Home » Blog » Prayer » An Advent Practice: Pray Your Way to the Manger

Author

Tags

Share this story

An Advent Practice: Pray Your Way to the Manger

Here’s a guide to an ancient tradition that can be shared with others, the “O Antiphons” of Advent.

An Advent practice--pray your way to the manger
Credit: Getty Images/iStockphoto
Prayer is a powerful force for good. At Guideposts, we believe in the strength of prayer to bring comfort, hope, and healing. Your generous donation today will help us continue to share the power of prayer with those in need. Together, through prayer and support, we can make a difference.

In my hometown of Cincinnati, Ohio, there is a church atop a hill called Mt. Adams. For more than 160 years, Good Friday worshipers have slowly ascended 85 steps from the neighborhood below to the church’s front doors, pausing to kneel and pray on each step. It’s a practice they’ve repeated year after year, decade after decade, step after step, as a way of kneeling their way to the cross of Jesus. But here’s a way to make that an Advent practice.

For centuries, followers of Jesus have “knelt” and prayed their way to the manger in the week before Christmas. They do it by means of a series of songs, or chants, called “The O Antiphons or Great Advent Antiphons.

Many Christians know them as a part of vespers or evensong services on each of the last seven days of Advent. Others have encountered them (though they may not have known the connection to the ancient antiphons) as the verses of the Advent hymn, “O Come, O Come, Emmanuel.”

So, what if during these final days leading up to Christmas, you incorporated this as a new Advent practice? And you “knelt” your way to Christmas Eve by singing or praying a different verse of that hymn? The following could serve as a helpful guide:

December 17 (“O Wisdom”)

O come, O Wisdom from on high,
who ordered all things mightily;
to us the path of knowledge show
and teach us in its ways to go.
Rejoice! Rejoice! Immanuel shall come to thee, O Israel.

December 18 (“O Adonai”)

O come, O come, great Lord of might,
who to your tribes on Sinai’s height
in ancient times did give the law
in cloud and majesty and awe.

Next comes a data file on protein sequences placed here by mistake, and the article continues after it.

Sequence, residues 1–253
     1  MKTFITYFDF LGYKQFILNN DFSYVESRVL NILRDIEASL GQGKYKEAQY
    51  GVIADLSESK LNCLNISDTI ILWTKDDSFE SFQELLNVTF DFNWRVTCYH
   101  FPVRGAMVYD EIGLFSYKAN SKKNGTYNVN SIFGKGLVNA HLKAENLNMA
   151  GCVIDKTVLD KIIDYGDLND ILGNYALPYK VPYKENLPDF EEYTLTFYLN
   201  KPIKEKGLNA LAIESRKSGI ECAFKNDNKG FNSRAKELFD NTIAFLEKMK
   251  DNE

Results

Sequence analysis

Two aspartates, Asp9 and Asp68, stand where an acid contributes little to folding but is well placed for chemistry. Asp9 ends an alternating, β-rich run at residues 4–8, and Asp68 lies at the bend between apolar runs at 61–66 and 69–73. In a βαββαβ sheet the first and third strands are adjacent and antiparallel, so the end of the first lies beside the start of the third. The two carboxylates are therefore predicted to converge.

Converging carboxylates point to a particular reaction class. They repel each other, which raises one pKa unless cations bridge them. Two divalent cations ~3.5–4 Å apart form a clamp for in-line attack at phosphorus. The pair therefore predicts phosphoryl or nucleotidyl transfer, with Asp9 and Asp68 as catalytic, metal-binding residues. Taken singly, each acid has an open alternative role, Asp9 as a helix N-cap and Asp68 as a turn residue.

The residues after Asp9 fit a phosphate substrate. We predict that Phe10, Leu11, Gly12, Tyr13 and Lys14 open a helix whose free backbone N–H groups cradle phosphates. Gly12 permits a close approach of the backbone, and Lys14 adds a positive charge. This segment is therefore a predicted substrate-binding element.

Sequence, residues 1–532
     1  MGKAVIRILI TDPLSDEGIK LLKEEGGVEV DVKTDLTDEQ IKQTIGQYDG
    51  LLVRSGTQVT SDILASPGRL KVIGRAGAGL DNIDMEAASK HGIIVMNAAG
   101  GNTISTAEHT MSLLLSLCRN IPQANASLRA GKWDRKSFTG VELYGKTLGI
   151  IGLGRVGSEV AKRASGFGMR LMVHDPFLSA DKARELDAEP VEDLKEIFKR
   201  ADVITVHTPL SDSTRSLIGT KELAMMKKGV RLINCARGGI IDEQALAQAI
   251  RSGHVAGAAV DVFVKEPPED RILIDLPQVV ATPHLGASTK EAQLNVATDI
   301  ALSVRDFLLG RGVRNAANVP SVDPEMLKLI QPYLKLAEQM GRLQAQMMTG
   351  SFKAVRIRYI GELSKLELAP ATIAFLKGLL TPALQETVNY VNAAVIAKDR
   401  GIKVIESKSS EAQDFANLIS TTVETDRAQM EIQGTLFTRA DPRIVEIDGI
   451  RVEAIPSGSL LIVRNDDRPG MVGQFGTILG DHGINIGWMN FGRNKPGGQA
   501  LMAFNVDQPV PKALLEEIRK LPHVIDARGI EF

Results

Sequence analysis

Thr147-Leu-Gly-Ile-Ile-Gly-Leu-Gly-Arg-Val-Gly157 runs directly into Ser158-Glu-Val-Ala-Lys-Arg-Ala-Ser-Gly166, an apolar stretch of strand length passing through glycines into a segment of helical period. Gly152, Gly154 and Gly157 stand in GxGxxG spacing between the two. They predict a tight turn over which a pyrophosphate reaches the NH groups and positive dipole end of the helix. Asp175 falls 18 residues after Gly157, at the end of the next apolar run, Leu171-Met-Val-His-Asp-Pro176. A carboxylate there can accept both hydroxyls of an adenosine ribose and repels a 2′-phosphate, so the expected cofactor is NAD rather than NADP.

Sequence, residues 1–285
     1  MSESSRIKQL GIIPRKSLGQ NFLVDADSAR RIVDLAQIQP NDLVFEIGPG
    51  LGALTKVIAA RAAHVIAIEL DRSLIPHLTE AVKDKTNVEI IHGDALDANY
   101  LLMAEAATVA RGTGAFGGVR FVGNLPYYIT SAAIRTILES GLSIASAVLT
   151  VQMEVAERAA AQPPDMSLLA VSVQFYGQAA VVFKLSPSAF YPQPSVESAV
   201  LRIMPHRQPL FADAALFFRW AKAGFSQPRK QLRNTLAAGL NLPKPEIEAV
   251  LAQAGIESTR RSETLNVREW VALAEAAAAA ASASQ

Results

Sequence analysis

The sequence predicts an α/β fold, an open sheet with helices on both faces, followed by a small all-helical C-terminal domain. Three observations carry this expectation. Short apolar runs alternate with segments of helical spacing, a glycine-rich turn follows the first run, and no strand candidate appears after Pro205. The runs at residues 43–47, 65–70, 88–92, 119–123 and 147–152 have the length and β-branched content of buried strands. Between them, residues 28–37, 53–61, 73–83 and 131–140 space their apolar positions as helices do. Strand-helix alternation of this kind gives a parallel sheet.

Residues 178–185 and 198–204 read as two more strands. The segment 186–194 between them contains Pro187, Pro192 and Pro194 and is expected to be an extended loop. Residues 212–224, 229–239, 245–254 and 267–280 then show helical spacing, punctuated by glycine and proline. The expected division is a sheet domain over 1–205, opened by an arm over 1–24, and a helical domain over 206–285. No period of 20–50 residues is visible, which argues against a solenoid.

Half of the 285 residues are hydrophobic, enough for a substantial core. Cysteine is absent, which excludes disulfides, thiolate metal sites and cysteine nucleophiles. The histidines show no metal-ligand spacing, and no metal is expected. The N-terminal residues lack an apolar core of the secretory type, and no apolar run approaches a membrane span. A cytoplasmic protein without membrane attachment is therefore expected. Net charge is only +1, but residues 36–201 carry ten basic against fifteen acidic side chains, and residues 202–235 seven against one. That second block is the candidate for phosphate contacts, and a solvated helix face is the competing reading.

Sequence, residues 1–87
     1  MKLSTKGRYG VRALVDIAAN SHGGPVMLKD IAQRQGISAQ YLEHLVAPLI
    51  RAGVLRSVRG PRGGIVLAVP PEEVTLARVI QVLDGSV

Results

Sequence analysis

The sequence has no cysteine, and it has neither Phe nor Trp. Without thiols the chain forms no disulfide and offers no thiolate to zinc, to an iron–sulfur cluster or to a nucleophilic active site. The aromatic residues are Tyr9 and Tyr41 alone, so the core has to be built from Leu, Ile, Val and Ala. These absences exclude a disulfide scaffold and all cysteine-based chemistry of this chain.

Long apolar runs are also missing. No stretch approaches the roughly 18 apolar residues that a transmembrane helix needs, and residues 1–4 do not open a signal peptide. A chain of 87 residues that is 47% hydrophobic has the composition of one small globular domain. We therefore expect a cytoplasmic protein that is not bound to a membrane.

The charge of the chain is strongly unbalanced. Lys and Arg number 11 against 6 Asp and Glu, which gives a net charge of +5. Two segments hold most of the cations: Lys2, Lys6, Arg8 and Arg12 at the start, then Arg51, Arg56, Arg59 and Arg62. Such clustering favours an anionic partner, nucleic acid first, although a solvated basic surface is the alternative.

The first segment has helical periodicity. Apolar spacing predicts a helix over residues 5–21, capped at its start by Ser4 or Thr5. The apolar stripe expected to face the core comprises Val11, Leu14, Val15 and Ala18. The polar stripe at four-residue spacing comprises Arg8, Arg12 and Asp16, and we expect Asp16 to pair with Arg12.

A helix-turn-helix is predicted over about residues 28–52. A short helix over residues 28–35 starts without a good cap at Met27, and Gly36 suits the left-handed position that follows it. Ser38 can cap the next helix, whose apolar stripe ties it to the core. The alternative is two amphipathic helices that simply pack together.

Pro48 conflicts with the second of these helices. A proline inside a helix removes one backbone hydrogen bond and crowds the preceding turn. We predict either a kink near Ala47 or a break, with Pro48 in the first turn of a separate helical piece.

Rejoice! Rejoice! Immanuel shall come to thee, O Israel.

December 19 (“O Root of Jesse”)

O come, O Branch of Jesse’s stem,
unto your own and rescue them!
From depths of hell your people save,
and give them victory o’er the grave.
Rejoice! Rejoice! Immanuel shall come to thee, O Israel.

December 20 (“O Key of David”)

O come, O Key of David, come
and open wide our heavenly home.
Make safe for us the heavenward road
and bar the way to death’s abode.
Rejoice! Rejoice! Immanuel shall come to thee, O Israel.

December 21 (“O Dayspring”)

O come, O Bright and Morning Star,
and bring us comfort from afar!
Dispel the shadows of the night
and turn our darkness into light.
Rejoice! Rejoice! Immanuel shall come to thee, O Israel.

December 22 (“O King of Nations”)

O come, O King of nations, bind
in one the hearts of all mankind.
Bid all our sad divisions cease
and be yourself our King of Peace.
Rejoice! Rejoice! Immanuel shall come to thee, O Israel.

December 23 (“O Emmanuel”)

O come, O come, Emmanuel
And ransom captive Israel
That mourns in lonely exile here
Until the Son of God appear.
Rejoice! Rejoice! Immanuel shall come to thee, O Israel.

By singing or speaking these lines with your family and friends—and with worshiping Christians around the world—we can, in this Advent practice, kneel together and pray our way to the manger this Christmas.

Share this story

Community Newsletter

Get More Inspiration Delivered to Your Inbox

Scroll to Top

Choose Address

×

You have no billing addresses.